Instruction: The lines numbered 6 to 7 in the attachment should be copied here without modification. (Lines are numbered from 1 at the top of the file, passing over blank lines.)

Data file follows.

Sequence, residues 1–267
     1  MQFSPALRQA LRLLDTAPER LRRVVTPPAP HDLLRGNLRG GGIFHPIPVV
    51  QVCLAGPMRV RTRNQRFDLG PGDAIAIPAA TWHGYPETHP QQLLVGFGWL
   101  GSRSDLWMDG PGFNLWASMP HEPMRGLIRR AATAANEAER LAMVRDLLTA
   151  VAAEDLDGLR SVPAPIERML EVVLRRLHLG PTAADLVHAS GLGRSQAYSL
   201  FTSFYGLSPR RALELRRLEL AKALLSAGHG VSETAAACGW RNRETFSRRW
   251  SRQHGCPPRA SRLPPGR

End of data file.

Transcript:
   201  FTSFYGLSPR RALELRRLEL AKALLSAGHG VSETAAACGW RNRETFSRRW
   251  SRQHGCPPRA SRLPPGR